Tension.

• C.

Torsion.

• D.

Shear.

D. Shear.
Explanation
Shear stress refers to the stress that resists the force that tries to cause one layer of material to slide over an adjacent layer. It occurs parallel to the plane of contact between the layers and acts in opposite directions on each layer. Bending stress is related to the deformation of a material due to bending, tension stress is caused by the pulling force applied to a material, and torsion stress is the stress caused by twisting or rotating forces. However, shear stress specifically addresses the resistance to sliding between layers, making it the correct answer in this case.

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• 7.

### What is the design that uses any combination of longerons, stringers, bulkheads, and frames in the construction of the fuselage called?

• A.

Fuselage.

• B.

Longerons.

• C.

Monocoque.

• D.

Semi-monocoque.

D. Semi-monocoque.
Explanation
A semi-monocoque design is a type of fuselage construction that combines longerons, stringers, bulkheads, and frames. In this design, the skin of the fuselage carries a significant portion of the structural load, while the internal framework provides additional support and strength. This design is commonly used in modern aircraft as it offers a good balance between strength and weight.

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• 8.

### The structural members used to give shape to the aircraft and provide a means for attaching the skin to the structure are called

• A.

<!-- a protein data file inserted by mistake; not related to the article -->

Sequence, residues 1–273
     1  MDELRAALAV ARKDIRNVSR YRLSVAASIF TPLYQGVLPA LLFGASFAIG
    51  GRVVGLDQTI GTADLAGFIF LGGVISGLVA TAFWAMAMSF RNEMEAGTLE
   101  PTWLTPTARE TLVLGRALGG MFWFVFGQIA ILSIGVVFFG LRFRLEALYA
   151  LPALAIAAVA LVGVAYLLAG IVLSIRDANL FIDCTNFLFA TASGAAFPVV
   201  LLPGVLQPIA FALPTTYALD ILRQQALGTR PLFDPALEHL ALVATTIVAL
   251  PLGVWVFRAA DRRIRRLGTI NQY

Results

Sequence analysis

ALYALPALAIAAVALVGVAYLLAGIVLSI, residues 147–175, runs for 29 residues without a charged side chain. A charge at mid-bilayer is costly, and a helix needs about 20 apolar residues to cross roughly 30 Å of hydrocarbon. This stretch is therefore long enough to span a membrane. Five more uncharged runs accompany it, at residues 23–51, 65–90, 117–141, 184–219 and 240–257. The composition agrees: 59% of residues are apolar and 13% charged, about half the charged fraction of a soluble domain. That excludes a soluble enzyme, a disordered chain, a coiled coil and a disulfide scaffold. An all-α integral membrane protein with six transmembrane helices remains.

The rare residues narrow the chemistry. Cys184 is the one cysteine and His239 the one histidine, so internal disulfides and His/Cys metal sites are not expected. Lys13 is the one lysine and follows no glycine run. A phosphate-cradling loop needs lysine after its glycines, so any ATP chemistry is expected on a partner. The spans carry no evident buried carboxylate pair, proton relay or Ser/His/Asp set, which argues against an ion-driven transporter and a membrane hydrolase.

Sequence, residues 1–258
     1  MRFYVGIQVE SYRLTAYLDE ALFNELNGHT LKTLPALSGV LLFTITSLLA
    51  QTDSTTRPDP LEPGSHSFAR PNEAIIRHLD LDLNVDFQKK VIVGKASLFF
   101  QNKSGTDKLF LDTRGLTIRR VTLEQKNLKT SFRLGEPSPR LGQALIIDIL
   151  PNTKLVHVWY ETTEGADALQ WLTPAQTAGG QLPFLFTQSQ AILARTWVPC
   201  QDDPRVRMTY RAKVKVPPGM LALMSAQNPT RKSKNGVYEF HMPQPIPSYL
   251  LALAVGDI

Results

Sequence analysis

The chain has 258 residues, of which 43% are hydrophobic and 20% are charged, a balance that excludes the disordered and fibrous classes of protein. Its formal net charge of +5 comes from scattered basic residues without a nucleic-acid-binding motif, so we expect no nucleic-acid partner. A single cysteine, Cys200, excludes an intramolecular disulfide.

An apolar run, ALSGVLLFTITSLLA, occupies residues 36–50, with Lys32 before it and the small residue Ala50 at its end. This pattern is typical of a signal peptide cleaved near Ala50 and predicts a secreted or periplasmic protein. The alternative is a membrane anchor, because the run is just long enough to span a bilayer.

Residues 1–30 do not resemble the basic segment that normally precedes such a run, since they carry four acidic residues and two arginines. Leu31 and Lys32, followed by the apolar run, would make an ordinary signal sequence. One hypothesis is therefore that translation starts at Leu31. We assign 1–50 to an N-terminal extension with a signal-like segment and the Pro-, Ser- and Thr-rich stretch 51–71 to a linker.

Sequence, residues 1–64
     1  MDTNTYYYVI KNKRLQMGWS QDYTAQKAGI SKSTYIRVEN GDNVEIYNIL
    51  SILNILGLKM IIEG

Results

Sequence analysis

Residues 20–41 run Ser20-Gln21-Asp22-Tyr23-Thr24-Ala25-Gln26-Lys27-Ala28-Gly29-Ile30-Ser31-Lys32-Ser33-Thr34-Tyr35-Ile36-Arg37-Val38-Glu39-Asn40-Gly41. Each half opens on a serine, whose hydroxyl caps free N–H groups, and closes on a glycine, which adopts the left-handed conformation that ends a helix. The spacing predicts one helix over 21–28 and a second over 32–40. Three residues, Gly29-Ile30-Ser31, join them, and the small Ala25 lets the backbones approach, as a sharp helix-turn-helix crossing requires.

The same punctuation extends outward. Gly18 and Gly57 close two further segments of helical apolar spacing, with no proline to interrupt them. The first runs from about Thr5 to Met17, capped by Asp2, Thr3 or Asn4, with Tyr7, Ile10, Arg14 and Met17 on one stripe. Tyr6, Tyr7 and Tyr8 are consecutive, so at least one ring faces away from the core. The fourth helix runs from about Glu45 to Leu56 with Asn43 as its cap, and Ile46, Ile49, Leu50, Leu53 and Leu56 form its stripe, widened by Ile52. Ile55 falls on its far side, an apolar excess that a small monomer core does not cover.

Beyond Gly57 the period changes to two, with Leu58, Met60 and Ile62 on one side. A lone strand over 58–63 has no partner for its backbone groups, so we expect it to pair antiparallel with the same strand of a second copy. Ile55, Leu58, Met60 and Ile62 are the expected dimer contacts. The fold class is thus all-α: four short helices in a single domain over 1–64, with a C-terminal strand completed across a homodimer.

Longerons.

• B.

• C.

Stringers.

• D.

Frames.

C. Stringers.
Explanation
Stringers are structural members that are used to give shape to the aircraft and provide a means for attaching the skin to the structure. They are long, thin strips of material that run longitudinally along the fuselage or wing. Stringers help to distribute the loads and stresses evenly throughout the structure, providing strength and rigidity. They also help to maintain the shape of the aircraft and prevent deformation. Therefore, stringers are the correct answer in this case.

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• 9.

### The most common type of material used for fuselage construction is

• A.

Steel.

• B.

Titanium.

• C.

Magnesium.

• D.

Aluminum alloy.

D. Aluminum alloy.
Explanation
The most common type of material used for fuselage construction is aluminum alloy. This is because aluminum alloys offer a good balance of strength and weight, making them ideal for aircraft structures. They have high strength-to-weight ratio, corrosion resistance, and can withstand the stresses and pressures experienced during flight. Additionally, aluminum alloys are relatively easy to work with and can be formed into complex shapes, making them suitable for the curved and streamlined design of fuselages. Steel, titanium, and magnesium are also used in aircraft construction, but aluminum alloy is the most commonly used material for fuselages.

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• 10.

### The wing design used on most modern military aircraft is

• A.

Cantilever.

• B.

Monocoque.

• C.

External braced.

• D.

Semi-monocoque

A. Cantilever.
Explanation
The wing design used on most modern military aircraft is cantilever. A cantilever wing design refers to a wing that is self-supporting and does not require external bracing or additional support structures. This design allows for a sleek and streamlined appearance, reducing drag and improving aerodynamic performance. Cantilever wings are commonly used in modern military aircraft to enhance maneuverability, speed, and overall performance in combat situations.